Las Calles Del Valle, a community organization that supports street vendors, hosted a buy out event on Saturday for street vendor Jose Juan and his wife Irene Gonzales who were recently evicted. Around 50 people attended the event in Van Nuys to help raise money for the vendors to give them a safe living situation and raise awareness for street vendors in their community.
A long line formed down the block near Delano Park as the smell of chorizo, asada and other meats wafted through the air. Even though most attendees wore masks and practiced social distancing there was still a communal atmosphere surrounding the event.
Las Calles Del Valle regularly organizes buy outs and other events to support street vendors who are victims of harassment, assault and racism.
“We inform our community about our street vendors because a lot of us see our street vendors working, but we never really know what’s going on in their life. This is a moment for our community to learn more about the street vendors that we have in the San Fernando Valley,” said Sebastian Araujo, an organizer for Las Calles Del Valle.
The group connects with vendors with the help of other activist groups like People’s Struggle, as well as the Los Angeles Tenants Union.
Las Calles Del Valle was made aware of Juan and Gonzales through the Canoga Park chapter of LATU. Juan and Gonzales, immigrants from Mexico, were illegally evicted in October due to rent complications and found themselves unhoused.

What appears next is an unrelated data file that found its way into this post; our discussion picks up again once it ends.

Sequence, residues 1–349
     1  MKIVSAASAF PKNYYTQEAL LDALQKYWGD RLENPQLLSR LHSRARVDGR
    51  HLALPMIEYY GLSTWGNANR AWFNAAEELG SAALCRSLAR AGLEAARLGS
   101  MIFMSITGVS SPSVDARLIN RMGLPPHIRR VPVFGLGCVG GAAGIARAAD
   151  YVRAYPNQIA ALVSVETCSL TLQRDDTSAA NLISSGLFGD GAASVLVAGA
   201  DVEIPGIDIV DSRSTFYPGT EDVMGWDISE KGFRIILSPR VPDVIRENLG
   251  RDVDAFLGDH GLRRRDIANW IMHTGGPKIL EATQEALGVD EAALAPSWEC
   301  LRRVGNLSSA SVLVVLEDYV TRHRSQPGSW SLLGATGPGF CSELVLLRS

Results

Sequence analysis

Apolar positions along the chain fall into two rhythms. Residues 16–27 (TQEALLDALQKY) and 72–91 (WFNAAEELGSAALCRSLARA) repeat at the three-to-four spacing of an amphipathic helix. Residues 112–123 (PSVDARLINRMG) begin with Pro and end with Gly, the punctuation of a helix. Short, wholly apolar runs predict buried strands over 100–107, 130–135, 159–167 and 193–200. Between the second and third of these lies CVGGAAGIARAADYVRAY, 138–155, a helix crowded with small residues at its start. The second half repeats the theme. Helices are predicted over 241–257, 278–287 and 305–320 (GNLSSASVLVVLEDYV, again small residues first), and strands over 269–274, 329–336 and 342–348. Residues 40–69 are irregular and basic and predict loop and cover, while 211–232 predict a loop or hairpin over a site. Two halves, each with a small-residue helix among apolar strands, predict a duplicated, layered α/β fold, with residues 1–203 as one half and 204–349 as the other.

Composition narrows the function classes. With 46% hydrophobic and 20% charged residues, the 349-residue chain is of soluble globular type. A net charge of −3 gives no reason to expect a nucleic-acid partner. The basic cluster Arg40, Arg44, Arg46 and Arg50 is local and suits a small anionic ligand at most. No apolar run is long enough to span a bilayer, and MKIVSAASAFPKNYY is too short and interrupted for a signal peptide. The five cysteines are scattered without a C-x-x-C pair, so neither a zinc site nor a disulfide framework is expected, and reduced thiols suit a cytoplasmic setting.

The L.A. Tenants Union got them back into their home and the group is currently working to find the couple a more suitable living space.
The buy out attendees waited patiently in line to buy tacos and raspados, a Mexican dessert, prepared by Juan and Gonzales. Music played over speakers as Las Calles Del Valle organizers sold buttons and organized the tips given to the vendors.
Residents said that Juan has been working near Delano Park for the past 10 years and that community support in Van Nuys is strong.
“Everybody here cares about each other,” said Christopher Linares, a Van Nuys resident. “He’s the local raspado man. Everybody sees that he works hard, so everybody comes to support.
Raymond Gomez, another Van Nuys resident, expressed that street vendors are integral to the Van Nuys community.
“I came here to support the local street vendors, you know, support La Raza. I heard they were in need, so of course I came to lend a helping hand. Whatever we can,” Gomez said.
A member of People’s Struggle of San Fernando Valley and the North Hollywood chapter of LATU, who wished to be identified as Rubi, said that events like the buy out strengthen community relationships and motivate her to continue working in activism.
“Community protects you, community saves you. Elections come and go, politics come and go, the community can stay forever — you just have to build a stable structure within it,” Rubi said.
Gonzales said through a translator that even though her eviction was frightening, she is grateful for the support.
“I’m really happy and thankful that the community is helping out,” Gonzales said. “I’m very thankful with God and everyone here.”